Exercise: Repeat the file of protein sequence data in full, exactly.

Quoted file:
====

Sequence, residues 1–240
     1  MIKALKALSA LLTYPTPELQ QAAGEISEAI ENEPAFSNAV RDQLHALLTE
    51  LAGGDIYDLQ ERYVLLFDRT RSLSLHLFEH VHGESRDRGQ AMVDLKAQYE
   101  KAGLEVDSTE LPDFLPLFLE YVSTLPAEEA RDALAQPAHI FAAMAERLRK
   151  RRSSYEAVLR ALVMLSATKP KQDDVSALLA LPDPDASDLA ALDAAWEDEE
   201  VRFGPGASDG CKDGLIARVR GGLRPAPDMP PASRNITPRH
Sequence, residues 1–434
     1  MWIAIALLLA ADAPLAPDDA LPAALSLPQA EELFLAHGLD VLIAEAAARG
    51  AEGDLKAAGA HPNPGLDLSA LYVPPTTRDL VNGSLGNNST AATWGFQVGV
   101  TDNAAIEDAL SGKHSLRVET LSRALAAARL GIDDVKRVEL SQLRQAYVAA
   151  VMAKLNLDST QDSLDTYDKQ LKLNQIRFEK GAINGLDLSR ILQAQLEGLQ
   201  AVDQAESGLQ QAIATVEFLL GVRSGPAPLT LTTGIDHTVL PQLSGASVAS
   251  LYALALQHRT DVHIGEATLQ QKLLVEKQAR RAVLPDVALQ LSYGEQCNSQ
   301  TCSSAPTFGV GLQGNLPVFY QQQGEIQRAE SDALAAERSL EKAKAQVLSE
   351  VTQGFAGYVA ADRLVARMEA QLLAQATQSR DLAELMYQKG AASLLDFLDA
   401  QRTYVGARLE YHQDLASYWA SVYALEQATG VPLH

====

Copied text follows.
Sequence, residues 1–240
     1  MIKALKALSA LLTYPTPELQ QAAGEISEAI ENEPAFSNAV RDQLHALLTE
    51  LAGGDIYDLQ ERYVLLFDRT RSLSLHLFEH VHGESRDRGQ AMVDLKAQYE
   101  KAGLEVDSTE LPDFLPLFLE YVSTLPAEEA RDALAQPAHI FAAMAERLRK
   151  RRSSYEAVLR ALVMLSATKP KQDDVSALLA LPDPDASDLA ALDAAWEDEE
   201  VRFGPGASDG CKDGLIARVR GGLRPAPDMP PASRNITPRH
Sequence, residues 1–434
     1  MWIAIALLLA ADAPLAPDDA LPAALSLPQA EELFLAHGLD VLIAEAAARG
    51  AEGDLKAAGA HPNPGLDLSA LYVPPTTRDL VNGSLGNNST AATWGFQVGV
   101  TDNAAIEDAL SGKHSLRVET LSRALAAARL GIDDVKRVEL SQLRQAYVAA
   151  VMAKLNLDST QDSLDTYDKQ LKLNQIRFEK GAINGLDLSR ILQAQLEGLQ
   201  AVDQAESGLQ QAIATVEFLL GVRSGPAPLT LTTGIDHTVL PQLSGASVAS
   251  LYALALQHRT DVHIGEATLQ QKLLVEKQAR RAVLPDVALQ LSYGEQCNSQ
   301  TCSSAPTFGV GLQGNLPVFY QQQGEIQRAE SDALAAERSL EKAKAQVLSE
   351  VTQGFAGYVA ADRLVARMEA QLLAQATQSR DLAELMYQKG AASLLDFLDA
   401  QRTYVGARLE YHQDLASYWA SVYALEQATG VPLH